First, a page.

2) Christians carry shame over their anxiety and fear because they tend to believe it always indicates a lack of faith or an immature faith. They believe lies such as “Good Christians never feel afraid or anxious” or “If I struggle with worry, I am a weak Christian.”

3) Because of the shame, they tend to cover over how much they are suffering from an untreated anxiety disorder. They gloss over it, call it being “stressed out,” and don’t share their stories in community where they could possibly receive support and encouragement to get treatment.

4) Christians can give each other truly unhelpful but sounds-so-spiritual advice for managing crippling fear and anxiety, like “Just let go and let God” or “Just give it to Jesus” or “Just lean into Jesus.” What in the world does this look like practically?

5) Christians can be suspicious of helpful body-centered techniques for managing anxiety. It’s like we are Gnostics who believe the body is evil and only spirit is good, when in fact, body-centered techniques work well to reduce anxiety because of the way God made our brain.

6) Because Christianity offers peace, hope, and a certain eternal future, it is particularly attractive to anxious people. So baseline, you’ll find more anxious people in a church than waiting in line to bungee jump. I don’t have hard statistics on this, but I think the incidence of anxiety disorders in a church congregation is higher than the 20% you find in the general US population. Plus anxious people tend to also be imaginative, deeply feeling, empathetic people–the kind of people who are drawn to the kindness and compassion found in good churches.

If you are the 1 in 5 persons who struggles with anxiety, worry, or fear, please get treatment from an experienced mental health professional. While treatment may not make the anxiety go completely away, it should help you suffer much less and be able to enjoy the abundant life and peace Jesus promises.


We Need A Labor Day – Frequently


The title of the day has always confused me. It’s called Labor Day and yet it’s supposed to be a break from our labor.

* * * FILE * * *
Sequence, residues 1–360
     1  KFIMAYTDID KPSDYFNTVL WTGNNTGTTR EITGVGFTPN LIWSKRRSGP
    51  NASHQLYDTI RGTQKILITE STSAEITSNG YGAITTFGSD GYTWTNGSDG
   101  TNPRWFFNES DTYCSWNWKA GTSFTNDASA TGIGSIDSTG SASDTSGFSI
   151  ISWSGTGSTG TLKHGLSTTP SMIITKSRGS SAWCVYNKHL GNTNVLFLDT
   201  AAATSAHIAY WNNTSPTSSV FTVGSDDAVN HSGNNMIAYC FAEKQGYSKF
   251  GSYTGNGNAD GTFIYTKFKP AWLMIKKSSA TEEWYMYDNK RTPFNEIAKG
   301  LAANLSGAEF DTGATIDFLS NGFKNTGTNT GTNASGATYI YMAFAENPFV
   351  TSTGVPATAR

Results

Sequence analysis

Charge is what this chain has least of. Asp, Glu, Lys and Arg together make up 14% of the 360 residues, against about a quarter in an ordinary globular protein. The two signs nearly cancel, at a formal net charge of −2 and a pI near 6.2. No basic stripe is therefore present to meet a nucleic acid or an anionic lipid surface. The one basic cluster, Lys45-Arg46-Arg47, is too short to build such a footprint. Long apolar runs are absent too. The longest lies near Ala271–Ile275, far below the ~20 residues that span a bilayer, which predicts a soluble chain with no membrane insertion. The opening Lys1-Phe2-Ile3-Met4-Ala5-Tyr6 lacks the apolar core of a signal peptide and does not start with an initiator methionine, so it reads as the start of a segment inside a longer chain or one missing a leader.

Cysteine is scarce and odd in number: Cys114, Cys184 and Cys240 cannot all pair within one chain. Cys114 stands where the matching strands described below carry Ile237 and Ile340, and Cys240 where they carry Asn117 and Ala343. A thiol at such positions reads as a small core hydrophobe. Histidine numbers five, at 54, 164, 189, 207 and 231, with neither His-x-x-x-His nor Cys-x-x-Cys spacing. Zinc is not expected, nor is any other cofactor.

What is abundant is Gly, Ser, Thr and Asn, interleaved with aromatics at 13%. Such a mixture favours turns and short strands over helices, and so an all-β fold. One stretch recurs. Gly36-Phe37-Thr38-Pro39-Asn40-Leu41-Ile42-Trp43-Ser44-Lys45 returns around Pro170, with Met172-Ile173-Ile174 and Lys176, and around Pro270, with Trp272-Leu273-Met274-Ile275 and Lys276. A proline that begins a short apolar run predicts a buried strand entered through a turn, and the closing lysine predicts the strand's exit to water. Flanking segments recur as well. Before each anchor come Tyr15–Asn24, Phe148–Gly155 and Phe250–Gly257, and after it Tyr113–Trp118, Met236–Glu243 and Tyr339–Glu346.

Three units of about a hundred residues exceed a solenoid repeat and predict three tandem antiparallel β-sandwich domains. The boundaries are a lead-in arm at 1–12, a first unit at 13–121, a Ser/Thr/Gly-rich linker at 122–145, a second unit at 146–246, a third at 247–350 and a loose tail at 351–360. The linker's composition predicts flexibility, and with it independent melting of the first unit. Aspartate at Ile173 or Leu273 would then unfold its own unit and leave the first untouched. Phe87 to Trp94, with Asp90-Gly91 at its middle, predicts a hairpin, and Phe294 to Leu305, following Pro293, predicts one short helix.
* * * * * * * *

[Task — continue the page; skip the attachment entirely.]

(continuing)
And, of course, some will work today. When I was in retail this was a busy day. Thank you to our emergency personnel and hospital workers and those that keep our commerce and lifestyles going today.

But, something tells me you need the day off — or a day off — as much as I do. If there is anything Americans are not good at its rest. It might be the one command of the 10 commandments we dishonor the most.

I wonder if that’s one reason we are so tense with each other all the time — but, I’ll save that thought for another post.

I read the following in this mornings Denison report:

Americans work too much. In the U.S., 85.8 percent of men and 66.5 percent of women work more than 40 hours per week. We work 100 more hours per year than the Japanese, and 250 more hours per year than the British. What about the work-obsessed Germans? We work 500 more hours per year than they do. We take less vacation time than other nations, work longer days, and retire later. If anyone needs a Labor Day;to cease from labor, it’s us.

(I highly recommend the Denison Report as a resource for pastors.)

Saddest of all — we often celebrate it as “the American Way”. We call it progress. Efficiency.

But, it may be causing more harm than good. Personally and collectively.

If I’m going to write a post like this I have to point four fingers back any direction I point one finger to others. I could easily be accused of being a workaholic.